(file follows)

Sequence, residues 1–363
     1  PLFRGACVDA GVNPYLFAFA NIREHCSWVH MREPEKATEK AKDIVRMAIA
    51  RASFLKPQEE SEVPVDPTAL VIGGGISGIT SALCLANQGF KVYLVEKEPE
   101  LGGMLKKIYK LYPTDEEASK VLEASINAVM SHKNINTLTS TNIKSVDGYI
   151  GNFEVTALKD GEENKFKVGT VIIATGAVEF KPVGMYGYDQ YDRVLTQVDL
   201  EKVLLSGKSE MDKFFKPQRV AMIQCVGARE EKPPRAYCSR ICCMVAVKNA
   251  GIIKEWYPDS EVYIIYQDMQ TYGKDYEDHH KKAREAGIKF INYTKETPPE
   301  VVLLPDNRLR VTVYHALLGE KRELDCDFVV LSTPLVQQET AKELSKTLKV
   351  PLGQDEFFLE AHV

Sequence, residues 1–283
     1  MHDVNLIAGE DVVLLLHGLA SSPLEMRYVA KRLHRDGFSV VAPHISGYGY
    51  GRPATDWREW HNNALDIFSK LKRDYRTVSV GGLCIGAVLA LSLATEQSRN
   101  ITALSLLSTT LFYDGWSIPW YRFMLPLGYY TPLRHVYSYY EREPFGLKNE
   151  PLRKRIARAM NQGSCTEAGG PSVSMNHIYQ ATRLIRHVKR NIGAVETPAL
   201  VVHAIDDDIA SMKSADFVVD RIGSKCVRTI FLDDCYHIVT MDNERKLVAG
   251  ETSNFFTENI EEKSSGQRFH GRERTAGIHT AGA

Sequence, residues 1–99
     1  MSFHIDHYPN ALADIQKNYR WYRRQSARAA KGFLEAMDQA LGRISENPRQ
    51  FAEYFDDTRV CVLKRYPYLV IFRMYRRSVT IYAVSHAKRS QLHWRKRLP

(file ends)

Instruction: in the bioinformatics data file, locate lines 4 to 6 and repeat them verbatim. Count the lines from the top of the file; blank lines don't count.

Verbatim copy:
   101  LGGMLKKIYK LYPTDEEASK VLEASINAVM SHKNINTLTS TNIKSVDGYI
   151  GNFEVTALKD GEENKFKVGT VIIATGAVEF KPVGMYGYDQ YDRVLTQVDL
   201  EKVLLSGKSE MDKFFKPQRV AMIQCVGARE EKPPRAYCSR ICCMVAVKNA